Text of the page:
15)  Then we head for the north-east peak; but first, retrace our steps ...
This scene is in the same area as photo #12 (because now we are going in the opposite direction, the cliff is on the left-hand side.)


16)  At Currockbilly Mountain north-east peak, around 1126 meters ~~~
There is a log book inside the silver metal box. (It is strange the log book is here and not at the highest peak in Photo #13.)


17)  Ian is sitting in the centre, browsing through the log book. The rest of us gather around him.
Clockwise from the left: John, Jan, Trevor, Philip, Max (mostly chopped off at the right edge), Jenny


18)  Hardly anyone comes up here. Browsing through the log book, we can see that in some years there was no entry. Some years, there was only one or two entries in the year.
- Ian's little finger is pointing to an entry by Trevor in 1971 when he was only 17 years old ... 44 years ago !!! (Trevor is the guy in rainbow coloured pants in Photo #6.)
- We write down our names (the pic on the right), but forget to put down the date - 2015-06-30.
(Click on the image to enlarge it.)


19)  View from the peak toward east-north-east ~~~
In the far distance, is Pigeon House Mountain (red arrow). I climbed it ages ago, and would like to climb it again. Any one wants to join in ?
To the left of Pigeon House Mountain, also in the far distance, is The Castle - high on my list of places to go. Any one wants to join in ?


20)  Time for the return trip ~~~
We descend the north-east peak by walking along a ridge towards the north.


21)  Looking back at the south-west peak (the highest peak) of Currockbilly Mountain.


22)  Burnt out Banksias - Are they recovering or are they dead?


23)  Red grass ~~~ Does anyone know its name ?


24)  Looking back at Currockbilly Mountain peaks ~~~
- Left arrow points to north-east peak (where the log book is).
- Right arrow points to south-west peak (the highest peak).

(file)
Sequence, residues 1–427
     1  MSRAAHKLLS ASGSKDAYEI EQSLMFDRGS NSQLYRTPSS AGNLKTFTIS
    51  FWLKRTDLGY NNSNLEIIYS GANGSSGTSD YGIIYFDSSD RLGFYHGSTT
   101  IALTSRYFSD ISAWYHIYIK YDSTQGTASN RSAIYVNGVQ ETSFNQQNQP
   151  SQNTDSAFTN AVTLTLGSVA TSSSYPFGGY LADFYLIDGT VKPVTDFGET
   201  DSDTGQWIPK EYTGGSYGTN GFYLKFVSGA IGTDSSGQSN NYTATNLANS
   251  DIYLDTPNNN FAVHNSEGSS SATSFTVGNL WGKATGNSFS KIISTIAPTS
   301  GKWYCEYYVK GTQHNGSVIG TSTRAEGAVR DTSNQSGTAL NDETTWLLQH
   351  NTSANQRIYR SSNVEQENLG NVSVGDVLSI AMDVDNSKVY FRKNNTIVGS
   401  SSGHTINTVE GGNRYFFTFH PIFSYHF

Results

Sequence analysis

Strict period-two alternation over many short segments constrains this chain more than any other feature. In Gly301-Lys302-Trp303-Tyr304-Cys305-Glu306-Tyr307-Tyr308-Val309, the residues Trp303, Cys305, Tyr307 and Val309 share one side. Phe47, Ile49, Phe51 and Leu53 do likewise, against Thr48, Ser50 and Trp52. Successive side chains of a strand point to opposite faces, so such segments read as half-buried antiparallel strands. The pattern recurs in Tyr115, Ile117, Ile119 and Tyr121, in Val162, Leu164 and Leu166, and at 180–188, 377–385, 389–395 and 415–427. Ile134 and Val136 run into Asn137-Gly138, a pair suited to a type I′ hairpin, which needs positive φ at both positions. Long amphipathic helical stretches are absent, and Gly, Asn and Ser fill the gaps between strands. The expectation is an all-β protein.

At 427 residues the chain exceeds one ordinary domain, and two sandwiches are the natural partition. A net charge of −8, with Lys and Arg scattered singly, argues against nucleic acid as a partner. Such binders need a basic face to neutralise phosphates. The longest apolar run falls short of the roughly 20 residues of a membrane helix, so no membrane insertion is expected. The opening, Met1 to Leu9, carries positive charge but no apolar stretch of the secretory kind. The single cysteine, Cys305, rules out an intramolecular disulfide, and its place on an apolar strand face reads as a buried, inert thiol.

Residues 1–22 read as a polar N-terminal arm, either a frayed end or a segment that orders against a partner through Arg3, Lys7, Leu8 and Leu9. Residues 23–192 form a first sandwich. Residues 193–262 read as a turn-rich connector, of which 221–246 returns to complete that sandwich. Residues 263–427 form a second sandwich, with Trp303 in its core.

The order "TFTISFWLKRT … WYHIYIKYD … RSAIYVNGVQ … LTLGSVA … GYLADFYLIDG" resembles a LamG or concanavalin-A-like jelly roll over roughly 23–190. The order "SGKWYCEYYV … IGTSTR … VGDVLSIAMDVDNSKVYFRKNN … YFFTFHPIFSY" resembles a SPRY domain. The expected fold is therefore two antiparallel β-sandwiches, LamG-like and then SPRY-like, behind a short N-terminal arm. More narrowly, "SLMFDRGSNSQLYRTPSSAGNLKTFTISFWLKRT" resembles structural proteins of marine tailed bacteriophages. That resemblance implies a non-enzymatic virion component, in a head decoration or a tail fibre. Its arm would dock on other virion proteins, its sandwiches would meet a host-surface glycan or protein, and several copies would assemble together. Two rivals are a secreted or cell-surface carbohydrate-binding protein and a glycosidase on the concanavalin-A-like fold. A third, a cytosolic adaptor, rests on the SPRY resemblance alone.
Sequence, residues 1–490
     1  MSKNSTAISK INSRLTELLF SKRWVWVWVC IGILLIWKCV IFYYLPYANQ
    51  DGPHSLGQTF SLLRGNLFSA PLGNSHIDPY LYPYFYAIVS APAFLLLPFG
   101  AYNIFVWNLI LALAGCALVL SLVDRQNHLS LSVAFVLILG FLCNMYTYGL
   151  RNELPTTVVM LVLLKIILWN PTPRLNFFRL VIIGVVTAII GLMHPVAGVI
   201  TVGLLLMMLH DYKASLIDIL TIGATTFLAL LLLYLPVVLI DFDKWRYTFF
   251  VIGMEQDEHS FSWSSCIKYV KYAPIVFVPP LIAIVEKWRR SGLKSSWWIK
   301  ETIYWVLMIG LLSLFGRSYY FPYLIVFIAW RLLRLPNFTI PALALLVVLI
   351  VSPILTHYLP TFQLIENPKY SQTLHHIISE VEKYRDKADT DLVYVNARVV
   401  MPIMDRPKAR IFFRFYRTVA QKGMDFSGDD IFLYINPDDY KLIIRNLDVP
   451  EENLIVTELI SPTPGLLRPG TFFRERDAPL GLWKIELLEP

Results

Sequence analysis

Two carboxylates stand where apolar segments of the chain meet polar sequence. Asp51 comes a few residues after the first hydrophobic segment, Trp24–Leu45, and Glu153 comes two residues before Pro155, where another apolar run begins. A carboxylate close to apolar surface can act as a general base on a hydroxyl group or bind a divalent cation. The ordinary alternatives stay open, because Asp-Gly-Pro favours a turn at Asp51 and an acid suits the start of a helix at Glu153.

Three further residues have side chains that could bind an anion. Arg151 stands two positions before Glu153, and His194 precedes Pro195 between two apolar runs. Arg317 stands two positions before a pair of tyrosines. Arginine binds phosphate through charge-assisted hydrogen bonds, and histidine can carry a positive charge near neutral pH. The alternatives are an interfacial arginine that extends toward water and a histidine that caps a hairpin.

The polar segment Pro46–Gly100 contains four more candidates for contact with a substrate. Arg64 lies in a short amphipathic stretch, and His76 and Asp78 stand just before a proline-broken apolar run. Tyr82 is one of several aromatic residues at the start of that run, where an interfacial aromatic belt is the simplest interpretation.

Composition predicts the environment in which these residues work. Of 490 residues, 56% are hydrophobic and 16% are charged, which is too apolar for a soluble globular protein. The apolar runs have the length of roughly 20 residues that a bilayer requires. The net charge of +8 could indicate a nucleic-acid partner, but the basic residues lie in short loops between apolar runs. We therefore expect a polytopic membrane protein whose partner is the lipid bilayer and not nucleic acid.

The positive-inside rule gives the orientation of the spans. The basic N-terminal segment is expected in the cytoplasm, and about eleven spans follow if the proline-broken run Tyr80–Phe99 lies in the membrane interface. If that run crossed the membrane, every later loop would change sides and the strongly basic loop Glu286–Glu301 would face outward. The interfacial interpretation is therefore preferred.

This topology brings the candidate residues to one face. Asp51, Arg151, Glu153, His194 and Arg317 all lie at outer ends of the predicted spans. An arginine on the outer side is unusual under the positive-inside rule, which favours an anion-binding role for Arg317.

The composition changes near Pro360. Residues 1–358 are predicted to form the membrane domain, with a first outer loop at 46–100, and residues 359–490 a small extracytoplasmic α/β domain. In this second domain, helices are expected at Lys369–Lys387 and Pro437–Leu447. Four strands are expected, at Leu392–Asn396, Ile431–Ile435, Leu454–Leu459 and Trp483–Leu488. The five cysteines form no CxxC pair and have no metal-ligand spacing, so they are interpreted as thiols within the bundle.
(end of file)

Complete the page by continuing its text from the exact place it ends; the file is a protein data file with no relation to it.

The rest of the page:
25)  Further along on our way and looking back again at Currockbilly Mountain peaks ~~~
- The left blue arrow points to the east peak that we could and should have climbed but didn't (refer to the map near the top of this blog). It seems to be quite bare and should have a splendid 360 degree view from its top. Nevermind, next time.
- Middle red arrow points to north-east peak.
- Right red arrow points to south-west peak.


26)  The tea trees (are they tea trees?) along our way are very thick. Bashing through them is tough going.


27)  Finally we reach a clearing where we have a good view of:
- Wirritin Basin (surrounded by mountains)
- Pigeon House Mountain in the background (red arrow)


28)  At where the previous photo was taken, we have lunch.
- Back row: John, Jenny, Max
- Middle row: Ian, Trevor with his rainbow coloured pants
- Front row: Philip, Jan


29)  At where we have lunch is this view towards the west.


30)  After lunch, we keep going along the ridge towards the north. The vertical stems in the foreground belong to grass trees.


31)  A nice view of the Budawang Range ~~~
The original plan was to keep going north to the next knoll, then turn west (ie left) to bushbash down hill back to our cars. But we decide to turn left earlier and go down hill from here instead.


32)  The next 3 photos show the changes in vegetation as we go down the mountain.
In this pic, the grass trees are abundant.


33)  Further down the slope are these small saplings. (The forest was burnt not too long ago.)


34)  And further down are these small ferns.


35)  These young plants maybe Geebung, but which species ?


36)  When crossing Nettletons Creek, we encounter this wombat. In Tasmania, the wombats in the wild are quite tame. You can approach very close to them to take photos. But in NSW, it is difficult ... they scamper away too quickly for you to compose a picture. Hence I'm glad to have taken this shot even though it is not sharp.

Then it is back to our cars - an enjoyable day with a bunch of friendly Canberrans.